98% Chance of a Recession?

The war on inflation is here. Is this a sign to sell our portfolios and get out of the market? Let’s unpack NDR’s research to find out.

It’s been a rough, past week for financial markets.

After the Fed’s 0.75% rate hike last Wednesday, there’s nothing but bad news.

Stocks, bonds, global currencies (the British pound, Japanese yen, Euro, Chinese yuan) and oil prices tanked.

Other central banks followed behind the Fed by raising their own rates in a bid to fight inflation. And stemmed the sell-off in their currencies.

To cap it off, Ned Davis Research now sees a — 

98% chance of a global recession

The war on inflation is here.

Is this a sign to sell our portfolios and get out of the market?

Let’s unpack NDR’s research to find out.

Ned Davis Research is an independent research provider, and what they are strong in is their rigorous economic models and rich data research.

For example, their extensive data on dividend growers’ outperformance were compiled by them, together with the Hartford funds.

 

Now, Ned David Research recently released a report on their recession probability model (see below, orange bubbles) — showed that signals all pointed to a rising chance of a severe, global recession some time in 2023.

And this model predicted current macro environment could put on more pressure for global stocks.

Further, the major independent research group said: “Based on historical norms, a moderate global slowdown has already been priced into most asset classes this year, but a severe global recession has not.”

Now, the only other time this predictive model was this high was during COVID in 2020 and the global financial crisis in 2008.

Even before the war in Ukraine started, the model has already climbed into a “high-risk” zone, showing an early sign for a stock market correction. 

Yield curve inversion also a sign of recession 

This coincided with other predictive indicators like the inverted yield curve.

When the short-term 2 years Treasury yields are higher than the long-term 10 years government yield, this means the US economy is in a recession.

Since 1980s, an inverted yield curve (red circles below) precedes a global recession (see grey bars below)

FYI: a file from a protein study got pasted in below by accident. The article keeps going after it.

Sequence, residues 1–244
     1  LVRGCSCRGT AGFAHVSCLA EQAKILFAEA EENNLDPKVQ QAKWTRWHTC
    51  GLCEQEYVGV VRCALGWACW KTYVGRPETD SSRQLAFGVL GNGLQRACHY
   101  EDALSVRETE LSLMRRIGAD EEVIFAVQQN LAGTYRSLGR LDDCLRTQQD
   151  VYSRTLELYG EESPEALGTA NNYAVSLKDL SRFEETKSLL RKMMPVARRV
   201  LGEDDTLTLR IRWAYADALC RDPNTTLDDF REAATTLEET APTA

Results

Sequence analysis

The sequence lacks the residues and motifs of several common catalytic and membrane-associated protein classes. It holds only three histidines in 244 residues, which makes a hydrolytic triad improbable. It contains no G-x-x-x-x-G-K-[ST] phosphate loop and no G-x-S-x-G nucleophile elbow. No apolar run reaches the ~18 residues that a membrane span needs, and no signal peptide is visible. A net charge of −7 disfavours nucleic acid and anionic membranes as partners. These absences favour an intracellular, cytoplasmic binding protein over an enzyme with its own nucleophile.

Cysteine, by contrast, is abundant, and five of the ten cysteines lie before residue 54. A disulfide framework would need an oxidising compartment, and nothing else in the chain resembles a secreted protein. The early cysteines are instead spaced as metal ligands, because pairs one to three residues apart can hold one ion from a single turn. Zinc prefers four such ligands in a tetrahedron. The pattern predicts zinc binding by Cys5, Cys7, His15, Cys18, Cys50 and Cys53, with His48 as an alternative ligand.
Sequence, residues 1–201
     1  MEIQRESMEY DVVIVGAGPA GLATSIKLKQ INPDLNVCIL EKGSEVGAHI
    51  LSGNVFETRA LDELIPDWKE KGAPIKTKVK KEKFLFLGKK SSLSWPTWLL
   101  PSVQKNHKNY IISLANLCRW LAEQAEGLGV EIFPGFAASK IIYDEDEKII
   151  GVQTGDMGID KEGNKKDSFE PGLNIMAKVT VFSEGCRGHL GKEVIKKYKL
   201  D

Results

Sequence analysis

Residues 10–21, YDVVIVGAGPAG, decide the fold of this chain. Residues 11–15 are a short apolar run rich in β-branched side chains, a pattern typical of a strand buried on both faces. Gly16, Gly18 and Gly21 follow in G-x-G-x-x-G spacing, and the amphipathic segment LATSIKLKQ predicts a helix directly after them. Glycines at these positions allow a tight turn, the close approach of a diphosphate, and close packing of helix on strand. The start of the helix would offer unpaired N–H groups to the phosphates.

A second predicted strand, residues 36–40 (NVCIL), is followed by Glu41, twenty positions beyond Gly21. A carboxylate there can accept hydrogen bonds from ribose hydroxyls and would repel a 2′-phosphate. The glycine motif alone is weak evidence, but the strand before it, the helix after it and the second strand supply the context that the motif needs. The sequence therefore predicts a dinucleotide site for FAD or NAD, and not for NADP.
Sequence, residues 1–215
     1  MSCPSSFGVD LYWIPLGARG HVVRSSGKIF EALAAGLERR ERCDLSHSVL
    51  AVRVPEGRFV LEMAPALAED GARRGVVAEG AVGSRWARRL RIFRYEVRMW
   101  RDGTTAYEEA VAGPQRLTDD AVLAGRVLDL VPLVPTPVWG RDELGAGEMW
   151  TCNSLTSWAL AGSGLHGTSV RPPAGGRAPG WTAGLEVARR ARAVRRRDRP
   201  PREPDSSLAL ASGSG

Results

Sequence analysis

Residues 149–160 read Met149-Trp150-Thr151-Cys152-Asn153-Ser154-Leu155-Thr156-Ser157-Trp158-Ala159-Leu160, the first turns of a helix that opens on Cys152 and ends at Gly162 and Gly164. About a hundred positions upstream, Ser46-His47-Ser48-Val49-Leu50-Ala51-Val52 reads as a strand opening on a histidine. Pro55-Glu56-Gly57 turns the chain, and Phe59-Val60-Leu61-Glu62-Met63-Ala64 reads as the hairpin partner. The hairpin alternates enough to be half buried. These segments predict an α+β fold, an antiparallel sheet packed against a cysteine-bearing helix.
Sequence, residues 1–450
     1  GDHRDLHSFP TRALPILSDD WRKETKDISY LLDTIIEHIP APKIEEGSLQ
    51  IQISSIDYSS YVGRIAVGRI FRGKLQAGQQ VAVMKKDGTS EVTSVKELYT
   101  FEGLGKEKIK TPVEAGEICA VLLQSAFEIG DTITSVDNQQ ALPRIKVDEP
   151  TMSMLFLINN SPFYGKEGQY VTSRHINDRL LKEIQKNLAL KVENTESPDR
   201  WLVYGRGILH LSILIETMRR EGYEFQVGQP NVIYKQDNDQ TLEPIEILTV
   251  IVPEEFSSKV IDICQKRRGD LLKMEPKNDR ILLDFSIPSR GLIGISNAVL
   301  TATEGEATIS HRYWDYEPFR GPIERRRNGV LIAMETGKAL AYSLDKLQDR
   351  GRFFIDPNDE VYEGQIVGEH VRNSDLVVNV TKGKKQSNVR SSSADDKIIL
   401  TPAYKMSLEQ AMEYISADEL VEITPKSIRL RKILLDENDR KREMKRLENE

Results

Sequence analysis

The 10yr minus 2yr Treasury is currently a negative 0.39%.

Which says, both models point to a recession — does it mean we are already in a recession?

Although Ned Davis Research said recessions risks are high, they also said: “We do not have any conclusive evidence that the US is currently in a recession.”

What’s interesting here is, a closer look at Ned Davis Research’s model is it seemed to be a lagging indicator of a recession.

You see, when indicators are at the highest point, the stock market is at least already, more than half-way to the bottom levels (see red arrows below).

Today’s massive inflation eerily mirrors the 1980s inflation?

People say today’s inflationary period is eerily the same as it was in the 1980s, and there could be a repeat of that era all over again.

To be honest – I’m not sure.

But what I know was, the massive inflation run-up during the 1980s was driven by an oil crisis in the 1970s. And huge fiscal spending to encourage consumer and business spending, Back then, US economy was recovering from the Vietnam War in the 1970s.

Today, a key difference here is this crazy inflation is mainly caused by supply chain disruptions due to COVID, and oil shortage due to the war in Ukraine.

The thing is, as the world recovers from the pandemic, supply catches up and the war in Ukraine stops, then perhaps we could see and price ease up. 

But what if inflation keeps going up?

But what if inflation doesn’t go down, and rates continue to climb higher?

Well, then we could see the recession forcing unemployment rate to go up, business cuts spending, consumer cuts spending.

Though I don’t think the magnitude will be the same as it was in the 1980s given the reasons I’ve mentioned above.

Then the question remains: is it a good time to sell off our portfolios today? If we are indeed already in a recession, selling now means at selling off a portfolio at the worst possible price.

I’ll do this instead…

On the other hand, a good way from here instead, is to average down your buys.

Break up your buys into like 5-7 tranches at a time.

For instance, it could by buy when the market falls 25%, down 30%, down 40% and of course, when the market is down more than 50%.

Think about this, which chart would you think will more likely work out?

1) Trying to time the market by bottom fishing:

2) Or buying in tranches all the way down and up:

I’m building a dividend portfolio, where I’m accumulating great businesses that pay dividends over time.

Instead of selling, I find it’s better to accumulate more dividend growers.

In fact, selling down our portfolios mean that we probably would miss out all the juicy dividends that come with it. Agree?

Sometimes, investing can be simple. 

Willie Keng, CFA

Founder, Dividend Titan

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